The funds raised from the sale of the 2015 Rhino Conservation Calendar will go towards the resources needed for the Javan Rhino Conservation Program’s Rhino Protection Units (RPUs) and the removal of the invasive Aren ga palm. It is estimated that there are fewer than 50 Javan rhinos remaining in one population in the Ujung Kulon National Park (UKNP), Java’s largest remaining lowland forest tract. The population is thought to be stable, but unlikely to grow without intervention as the UKNP is probably at carrying capacity.
The RPUs are highly trained anti-poaching teams that intensively patrol key areas within areas containing rhinos. RPUs deactivate traps and snares and apprehend illegal intruders, including poachers, and investigate crime scenes, thus preventing or reducing the loss of wildlife. RPU patrols have proven to be a successful deterrent to rhino poaching as there have been no reported rhino poaching deaths in UKNP for the past 15 years.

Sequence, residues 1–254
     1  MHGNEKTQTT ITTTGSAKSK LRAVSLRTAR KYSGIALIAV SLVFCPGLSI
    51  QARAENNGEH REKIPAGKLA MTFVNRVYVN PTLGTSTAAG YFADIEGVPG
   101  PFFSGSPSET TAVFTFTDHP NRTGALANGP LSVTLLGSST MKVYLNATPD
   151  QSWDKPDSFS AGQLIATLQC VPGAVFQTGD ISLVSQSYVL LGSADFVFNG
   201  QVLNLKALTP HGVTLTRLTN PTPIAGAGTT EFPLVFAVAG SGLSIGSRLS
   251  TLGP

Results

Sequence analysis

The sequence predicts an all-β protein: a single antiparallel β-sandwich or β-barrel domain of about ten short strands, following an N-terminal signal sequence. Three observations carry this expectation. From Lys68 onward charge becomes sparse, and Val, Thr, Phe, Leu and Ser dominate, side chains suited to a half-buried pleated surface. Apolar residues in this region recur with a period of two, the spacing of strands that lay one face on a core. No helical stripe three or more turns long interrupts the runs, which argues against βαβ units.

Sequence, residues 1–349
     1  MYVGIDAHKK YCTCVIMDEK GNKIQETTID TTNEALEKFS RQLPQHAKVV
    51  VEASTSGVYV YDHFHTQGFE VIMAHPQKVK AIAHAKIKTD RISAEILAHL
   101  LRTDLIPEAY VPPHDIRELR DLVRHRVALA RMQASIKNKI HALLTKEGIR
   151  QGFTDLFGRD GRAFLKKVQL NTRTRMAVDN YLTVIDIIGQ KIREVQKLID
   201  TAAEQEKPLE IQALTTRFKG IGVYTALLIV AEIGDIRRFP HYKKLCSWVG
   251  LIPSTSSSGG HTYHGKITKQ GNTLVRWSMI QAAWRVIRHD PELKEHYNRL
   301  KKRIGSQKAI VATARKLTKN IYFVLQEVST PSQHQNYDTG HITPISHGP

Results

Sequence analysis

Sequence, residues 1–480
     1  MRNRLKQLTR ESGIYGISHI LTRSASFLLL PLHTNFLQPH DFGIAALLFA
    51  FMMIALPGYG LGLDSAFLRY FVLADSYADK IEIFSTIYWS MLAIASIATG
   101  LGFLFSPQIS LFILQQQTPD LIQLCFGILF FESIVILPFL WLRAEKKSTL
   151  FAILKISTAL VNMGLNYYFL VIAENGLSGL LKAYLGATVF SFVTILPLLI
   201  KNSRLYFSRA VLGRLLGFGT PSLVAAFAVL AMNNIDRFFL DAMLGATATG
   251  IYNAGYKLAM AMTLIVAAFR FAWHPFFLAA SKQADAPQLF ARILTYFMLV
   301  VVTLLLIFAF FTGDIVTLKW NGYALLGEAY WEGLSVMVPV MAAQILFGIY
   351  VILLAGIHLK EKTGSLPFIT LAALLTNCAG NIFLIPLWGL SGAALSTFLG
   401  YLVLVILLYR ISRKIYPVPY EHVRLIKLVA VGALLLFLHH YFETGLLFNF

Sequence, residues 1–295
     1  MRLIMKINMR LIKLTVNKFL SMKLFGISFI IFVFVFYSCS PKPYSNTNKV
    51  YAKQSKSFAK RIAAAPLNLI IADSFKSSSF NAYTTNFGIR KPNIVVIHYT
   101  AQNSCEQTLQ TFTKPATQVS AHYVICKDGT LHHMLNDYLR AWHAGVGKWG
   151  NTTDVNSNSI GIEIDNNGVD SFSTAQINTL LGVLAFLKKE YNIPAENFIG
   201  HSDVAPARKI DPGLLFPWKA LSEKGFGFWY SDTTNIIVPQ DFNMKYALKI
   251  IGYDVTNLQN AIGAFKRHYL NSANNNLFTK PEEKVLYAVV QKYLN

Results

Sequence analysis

An invasive palm (Arenga obtusifolia) is rampant in UKNP, and if not controlled, will continue to reduce the growth of Javan rhino food plants and have further serious impacts on plant and animal diversity in the park. An estimated 60% (18,000 hectare) of the Park is covered with Arenga palm. The UKNP currently manages a number of plots, no more than 5 contiguous hectares, to reduce Arenga palm an after the removal is completed, staff closely monitors plant density and distribution in the plots. The UKNP does not have the resources to adequately fund proactive measures to prevent harm to its diverse, at-peril biodiversity. As human populations increase and threats from illegal activities, such as poaching and encroachment grow, the protection provided by the RPUs and trained locals remain crucial for the survival of Indonesian fauna and their habitat.